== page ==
0:002> g BuggyProgram!OpenDestFileStream+0xb3
    
    
  7. If this breakpoint is hit, repeat the process. For example, suppose this breakpoint is hit. The following steps should be taken:
    
    0:002> kb
    FramePtr  RetAddr   Param1   Param2   Param3   Function Name
    0b4ffce4  01836060  0184f440 00000001 0b4ffe20 BuggyProgram!OpenDestFileStream+0xb3
    0b4ffd20  01843eba  02b5b920 00000102 02b1e0e0 BuggyProgram!SaveMsgToDestFolder+0xb3
    0b4ffe20  01855924  0b4ffef0 00145970 0b4ffef0 BuggyProgram!DispatchToConn+0xa4
    0b4ffe5c  77e112e6  01843e16 0b4ffef0 0b4fff34 RPCRT4!DispatchToStubInC+0x34
    0b4ffeb0  77e11215  0b4ffef0 00000000 0b4fff34 RPCRT4!?DispatchToStubWorker@RPC_INTERFACE@@AAEJPAU_RPC_MESSAGE@@IPAJ@Z+0xb0
    0b4ffed0  77e1a3b1  0b4ffef0 00000000 0b4fff34 RPCRT4!?DispatchToStub@RPC_INTERFACE@@QAEJPAU_RPC_MESSAGE@Z+0x41
    0b4fff40  77e181e4  02b1e0b0 00000074 0b4fff90 RPCRT4!?ReceiveOriginalCall@OSF_SCONNECTION@Z+0x14b
    0b4fff60  77e1a5df  02b1e0b0 00000074 00149210 RPCRT4!?DispatchPacket@OSF_SCONNECTION@+0x91
    0b4fff90  77e1ac1c  77e15eaf 00149210 0b4fffec RPCRT4!?ReceiveLotsaCalls@OSF_ADDRESS@@QAEXXZ+0x76
    
    0:002> g BuggyProgram!SaveMsgToDestFolder+0xb3
    
    

    If this is hit, continue with:

    
    0:002> kb
    FramePtr  RetAddr   Param1   Param2   Param3   Function Name
    0b4ffd20  01843eba  02b5b920 00000102 02b1e0e0 BuggyProgram!SaveMsgToDestFolder+0xb3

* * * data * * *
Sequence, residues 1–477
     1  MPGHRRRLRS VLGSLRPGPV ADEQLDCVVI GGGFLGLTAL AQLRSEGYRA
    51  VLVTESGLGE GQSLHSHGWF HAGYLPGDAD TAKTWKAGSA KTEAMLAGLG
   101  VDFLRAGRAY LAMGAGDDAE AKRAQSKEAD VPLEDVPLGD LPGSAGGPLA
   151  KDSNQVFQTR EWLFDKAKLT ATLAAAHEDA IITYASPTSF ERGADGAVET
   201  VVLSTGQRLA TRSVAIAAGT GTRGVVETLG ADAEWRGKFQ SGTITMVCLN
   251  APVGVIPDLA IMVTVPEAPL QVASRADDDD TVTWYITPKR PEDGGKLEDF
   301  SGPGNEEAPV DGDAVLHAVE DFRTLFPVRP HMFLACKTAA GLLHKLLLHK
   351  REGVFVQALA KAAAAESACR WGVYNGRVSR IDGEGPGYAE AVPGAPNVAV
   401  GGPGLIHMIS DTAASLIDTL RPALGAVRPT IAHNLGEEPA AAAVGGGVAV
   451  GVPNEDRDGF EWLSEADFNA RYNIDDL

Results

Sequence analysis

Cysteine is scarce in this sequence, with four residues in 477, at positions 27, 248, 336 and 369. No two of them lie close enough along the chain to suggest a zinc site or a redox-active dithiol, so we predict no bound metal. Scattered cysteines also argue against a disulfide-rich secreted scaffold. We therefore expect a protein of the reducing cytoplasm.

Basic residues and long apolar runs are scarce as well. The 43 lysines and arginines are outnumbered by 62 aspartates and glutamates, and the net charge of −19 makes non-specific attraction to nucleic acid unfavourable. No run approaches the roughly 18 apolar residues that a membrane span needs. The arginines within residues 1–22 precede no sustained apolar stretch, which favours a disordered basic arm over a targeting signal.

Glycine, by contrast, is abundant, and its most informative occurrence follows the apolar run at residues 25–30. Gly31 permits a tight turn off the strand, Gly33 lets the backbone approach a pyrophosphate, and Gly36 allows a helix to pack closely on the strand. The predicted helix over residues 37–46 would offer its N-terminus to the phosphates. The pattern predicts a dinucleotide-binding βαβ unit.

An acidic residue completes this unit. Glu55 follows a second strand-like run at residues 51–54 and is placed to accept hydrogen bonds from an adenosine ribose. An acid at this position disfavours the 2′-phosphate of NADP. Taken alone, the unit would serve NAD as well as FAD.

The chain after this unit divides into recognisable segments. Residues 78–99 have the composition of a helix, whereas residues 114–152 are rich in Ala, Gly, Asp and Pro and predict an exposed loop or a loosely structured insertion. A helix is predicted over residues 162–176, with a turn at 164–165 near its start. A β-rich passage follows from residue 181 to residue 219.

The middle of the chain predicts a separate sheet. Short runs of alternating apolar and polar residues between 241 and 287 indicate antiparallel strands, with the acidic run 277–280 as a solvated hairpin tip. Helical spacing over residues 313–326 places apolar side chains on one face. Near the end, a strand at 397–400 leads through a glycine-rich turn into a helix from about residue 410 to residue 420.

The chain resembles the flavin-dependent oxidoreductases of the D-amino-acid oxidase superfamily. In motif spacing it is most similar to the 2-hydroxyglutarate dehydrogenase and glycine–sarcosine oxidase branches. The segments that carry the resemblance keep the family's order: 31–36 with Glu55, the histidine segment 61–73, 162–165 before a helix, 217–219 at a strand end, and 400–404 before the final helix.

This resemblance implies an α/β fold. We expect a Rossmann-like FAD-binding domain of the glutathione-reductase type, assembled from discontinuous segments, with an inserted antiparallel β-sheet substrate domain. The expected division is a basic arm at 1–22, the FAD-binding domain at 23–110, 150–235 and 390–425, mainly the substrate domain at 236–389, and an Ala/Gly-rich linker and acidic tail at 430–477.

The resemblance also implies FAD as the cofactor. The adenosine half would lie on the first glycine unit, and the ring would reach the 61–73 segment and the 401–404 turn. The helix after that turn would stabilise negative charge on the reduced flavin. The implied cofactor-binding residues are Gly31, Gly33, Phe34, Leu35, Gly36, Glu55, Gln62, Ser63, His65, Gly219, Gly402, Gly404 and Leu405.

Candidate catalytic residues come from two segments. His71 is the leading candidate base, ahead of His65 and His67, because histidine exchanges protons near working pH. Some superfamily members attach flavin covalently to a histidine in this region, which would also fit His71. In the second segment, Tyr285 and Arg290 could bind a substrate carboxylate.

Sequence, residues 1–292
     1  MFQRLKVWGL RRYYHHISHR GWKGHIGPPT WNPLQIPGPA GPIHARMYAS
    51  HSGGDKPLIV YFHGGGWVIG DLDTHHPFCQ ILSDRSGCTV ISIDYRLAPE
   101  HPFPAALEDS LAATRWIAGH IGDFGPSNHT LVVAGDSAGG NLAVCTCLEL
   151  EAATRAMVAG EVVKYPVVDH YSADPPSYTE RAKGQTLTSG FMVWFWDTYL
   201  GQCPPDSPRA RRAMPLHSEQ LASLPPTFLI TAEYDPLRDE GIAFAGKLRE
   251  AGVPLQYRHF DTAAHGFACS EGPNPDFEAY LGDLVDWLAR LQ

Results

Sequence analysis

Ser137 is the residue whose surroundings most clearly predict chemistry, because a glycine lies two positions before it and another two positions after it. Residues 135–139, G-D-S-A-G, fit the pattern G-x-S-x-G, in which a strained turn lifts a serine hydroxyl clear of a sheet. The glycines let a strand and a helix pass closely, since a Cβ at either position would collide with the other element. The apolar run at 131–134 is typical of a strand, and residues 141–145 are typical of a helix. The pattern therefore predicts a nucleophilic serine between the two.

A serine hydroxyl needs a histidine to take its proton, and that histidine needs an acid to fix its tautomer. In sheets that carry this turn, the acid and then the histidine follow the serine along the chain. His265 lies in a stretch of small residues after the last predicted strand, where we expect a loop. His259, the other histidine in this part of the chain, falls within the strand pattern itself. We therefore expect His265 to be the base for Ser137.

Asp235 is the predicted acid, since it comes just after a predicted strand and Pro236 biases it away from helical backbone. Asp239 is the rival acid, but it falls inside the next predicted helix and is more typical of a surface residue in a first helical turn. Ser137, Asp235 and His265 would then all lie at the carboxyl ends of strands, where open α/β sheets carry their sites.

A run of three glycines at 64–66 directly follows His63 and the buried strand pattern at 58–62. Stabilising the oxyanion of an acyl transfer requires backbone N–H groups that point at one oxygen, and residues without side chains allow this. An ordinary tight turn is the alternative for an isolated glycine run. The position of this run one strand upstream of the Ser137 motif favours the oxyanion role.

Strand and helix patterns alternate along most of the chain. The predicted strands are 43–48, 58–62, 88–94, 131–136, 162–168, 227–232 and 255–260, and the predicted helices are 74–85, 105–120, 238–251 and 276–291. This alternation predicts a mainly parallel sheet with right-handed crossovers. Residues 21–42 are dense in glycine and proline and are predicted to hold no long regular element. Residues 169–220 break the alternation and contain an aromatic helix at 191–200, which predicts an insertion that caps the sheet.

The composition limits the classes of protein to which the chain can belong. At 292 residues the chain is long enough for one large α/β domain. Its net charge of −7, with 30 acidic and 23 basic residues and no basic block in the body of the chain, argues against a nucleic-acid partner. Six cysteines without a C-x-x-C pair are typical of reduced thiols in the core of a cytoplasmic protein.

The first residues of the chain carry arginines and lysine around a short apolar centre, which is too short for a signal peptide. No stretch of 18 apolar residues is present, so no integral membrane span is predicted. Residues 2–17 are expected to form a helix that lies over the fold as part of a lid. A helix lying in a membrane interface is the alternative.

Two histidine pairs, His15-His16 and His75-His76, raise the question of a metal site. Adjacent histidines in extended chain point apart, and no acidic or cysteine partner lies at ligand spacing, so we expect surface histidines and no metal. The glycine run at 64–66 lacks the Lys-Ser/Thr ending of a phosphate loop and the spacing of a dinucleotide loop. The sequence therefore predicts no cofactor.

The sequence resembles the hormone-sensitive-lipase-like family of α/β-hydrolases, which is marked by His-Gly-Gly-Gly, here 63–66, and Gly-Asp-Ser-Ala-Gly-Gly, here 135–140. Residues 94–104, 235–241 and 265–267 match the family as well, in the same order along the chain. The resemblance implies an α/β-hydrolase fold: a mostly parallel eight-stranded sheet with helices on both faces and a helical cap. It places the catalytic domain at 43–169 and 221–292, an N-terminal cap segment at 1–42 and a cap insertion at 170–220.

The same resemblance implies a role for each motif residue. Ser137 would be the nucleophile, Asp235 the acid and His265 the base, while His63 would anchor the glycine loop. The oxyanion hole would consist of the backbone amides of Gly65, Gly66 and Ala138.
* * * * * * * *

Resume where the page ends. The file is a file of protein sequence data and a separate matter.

0b4ffe20  01855924  0b4ffef0 00145970 0b4ffef0 BuggyProgram!DispatchToConn+0xa4
    0b4ffe5c  77e112e6  01843e16 0b4ffef0 0b4fff34 RPCRT4!DispatchToStubInC+0x34
    0b4ffeb0  77e11215  0b4ffef0 00000000 0b4fff34 RPCRT4!?DispatchToStubWorker@RPC_INTERFACE@@AAEJPAU_RPC_MESSAGE@@IPAJ@Z+0xb0
    0b4ffed0  77e1a3b1  0b4ffef0 00000000 0b4fff34 RPCRT4!?DispatchToStub@RPC_INTERFACE@@QAEJPAU_RPC_MESSAGE@Z+0x41
    0b4fff40  77e181e4  02b1e0b0 00000074 0b4fff90 RPCRT4!?ReceiveOriginalCall@OSF_SCONNECTION@Z+0x14b
    0b4fff60  77e1a5df  02b1e0b0 00000074 00149210 RPCRT4!?DispatchPacket@OSF_SCONNECTION@+0x91
    0b4fff90  77e1ac1c  77e15eaf 00149210 0b4fffec RPCRT4!?ReceiveLotsaCalls@OSF_ADDRESS@@QAEXXZ+0x76
    
    0:002> g BuggyProgram!DispatchToConn+0xa4
    
    
  8. Finally you will find a breakpoint that is not hit. In this case, you should assume that the last g command set the target running and it did not break. This means that the SaveMsgToDestFolder() function will never return.

  9. Break into the thread again and set a breakpoint on BuggyProgram!SaveMsgToDestFolder+0xB3 with the bp (Set Breakpoint) command. Then use the g command repeatedly. If this breakpoint hits immediately, regardless of how many times you have executed the target, it is very likely that you have identified the offending function:
    
    0:002> bp BuggyProgram!SaveMsgToDestFolder+0xb3
    
    0:002> g 
    
    0:002> g 
    
    
  10. Use the p (Step) command to proceed through the function until you identify the place where the looping sequence of instructions are. You can then analyze the application's source code to identify the cause of the spinning thread. The cause will usually turn out to be a problem in the logic of a while, do-while, goto, or for loop.